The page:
Illinois Public Media News
A sweeping federal indictment charges former Illinois Gov. Rod Blagojevich with scheming to auction off President Barack Obama's U.S. Senate set, pressuring a congressman for campaign money and lying to FBI agents.
The 19-count indictment against Blagojevich and others also alleges billions of dollars in state pension bonds were refinanced in exchange for the promise of a massive kickback, among other crimes.
Others indicted included the former governor's brother Robert Blagojevich, Springfield millionaire William Cellini and the governor's onetime chief fundraiser Christopher G. Kelly.
Blagojevich's former chief of staff John Harris also faces a charge in the indictment. Prosecutors say he's cooperating.
US Senator Dick Durbin's reaction to Blagojevich's indictment was short - he says he hopes the governor doesn't see the indictment as a green light for another publicity tour. He says Blagojevich deserves his day in court but the people of Illinois deserve a break. 15th District Congressman Tim Johnson of Urbana says those under indictment brought shame to the state and nation, and their prosecution is overdue.
Last-minute ballot lotteries will alter the order of candidates on ballots in Urbana and Champaign.
County clerk Mark Shelden says Republican candidates will appear first on the municipal election ballots in Urbana, followed by Democrats and Green party candidates. A lottery for Champaign ballot positions went to Democrats followed by Republicans. The lotteries follow protests from two candidates for Urbana mayor that the city clerk didn't hold a ballot lottery as required by state law. A City of Champaign township supervisor candidate later found that the clerk there didn't hold a lottery either. Shelden suspended absentee and early voting while new ballots are printed - he says absentee and early voting were expected to resume today
A University of Illinois economist doesn't see a bottom yet in the latest economic slowdown.
The monthly U of I Flash Index authored by Fred Giertz fell for a seventh straight month in March. It now stands at 95.6 - with any number below 100 showing economic contraction. It's been five months since the index showed growth in the Illinois economy. The Flash Index takes the state's economic pulse by examining state tax receipts for the previous month. Giertz expects further declines ahead for the index. It still hasn't reached the level seem in the last two slowdowns, in 1990 and 2001 - and Giertz believes this latest recession is deeper.
Federal prosecutors have worked for weeks to produce an indictment accusing ousted Gov. Rod Blagojevich of committing an extraordinary "white-collar crime spree'' in the heart of Illinois government. Their handiwork could be seen as early as today.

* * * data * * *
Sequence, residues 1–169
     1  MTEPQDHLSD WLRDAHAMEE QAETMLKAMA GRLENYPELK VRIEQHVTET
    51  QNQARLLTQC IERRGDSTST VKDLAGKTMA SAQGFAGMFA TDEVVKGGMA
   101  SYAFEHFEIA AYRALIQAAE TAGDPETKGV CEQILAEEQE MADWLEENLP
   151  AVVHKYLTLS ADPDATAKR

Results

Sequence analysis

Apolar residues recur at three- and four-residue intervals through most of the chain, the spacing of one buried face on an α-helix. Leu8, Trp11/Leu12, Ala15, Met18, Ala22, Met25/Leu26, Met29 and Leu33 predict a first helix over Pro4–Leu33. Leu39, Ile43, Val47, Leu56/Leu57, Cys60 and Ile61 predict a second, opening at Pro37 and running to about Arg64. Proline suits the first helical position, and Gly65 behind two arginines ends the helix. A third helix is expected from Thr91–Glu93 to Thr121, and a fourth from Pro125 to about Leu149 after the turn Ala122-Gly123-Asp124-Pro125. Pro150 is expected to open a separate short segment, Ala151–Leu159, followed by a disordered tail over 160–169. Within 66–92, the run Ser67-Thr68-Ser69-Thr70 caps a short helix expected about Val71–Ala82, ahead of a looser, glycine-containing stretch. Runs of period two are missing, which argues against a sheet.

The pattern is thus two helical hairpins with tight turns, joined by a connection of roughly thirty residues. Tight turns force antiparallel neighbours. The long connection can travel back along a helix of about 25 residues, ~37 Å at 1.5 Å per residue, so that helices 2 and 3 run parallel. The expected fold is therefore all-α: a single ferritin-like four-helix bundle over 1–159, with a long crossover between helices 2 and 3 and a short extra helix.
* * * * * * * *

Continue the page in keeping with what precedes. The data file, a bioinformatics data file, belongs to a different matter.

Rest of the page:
U.S. Attorney Patrick J. Fitzgerald has until Tuesday to get an indictment that would replace a complaint charging the former governor.
Blagojevich is accused of plotting to trade or sell President Barack Obama's former U.S. Senate seat and a host of other crimes.
Today is believed to be the last day the grand jury meets before the deadline, although the government never announces the time and place of grand jury meetings.
Fitzgerald could ask Chief Judge James F. Holderman of U.S. District Court for another deadline extension.
Voters in Champaign County will have the future of education funding in their hands when they hit the polls next Tuesday. At issue is a referendum to raise the county sales tax by a penny per dollar. The money would fund school building projects, pare down debt and potentially lower property taxes. As AM 580's Tom Rogers reports, after one failed attempt, the referendum's supporters are taking nothing for granted.
The Champaign City Council is backing just the first year of what had been a five-year-plan for increasing liquor license fees in the city.
City staff had proposed the multi-year plan to phase in increases on a yearly basis, instead of imposing them all at once. But council members say they want to see a cost-of-service study before approving the entire plan, to see how much it actually costs the city to regulate liquor establishments. That information is especially important, as Champaign looks for new revenue sources due to recession-related drops in tax revenue.
Mayor and city liquor commissioner Jerry Schweighart says Champaign's liquor license fees could stand to be raised anyway, because they're some of the lowest in the region. For instance, he says a bar currently pays $1900 for a Class A liquor license in Champaign, compared to $4000 in Urbana.
The first year increase endorsed Tuesday night will raise fees for all liquor licenses in Champaign by 200 dollars on June 1st --- that would raise the fee for a Class A, or bar license, to 21-hundred dollars. Fines for violations will also go up, and the city will create a new 25-dollar keg fee.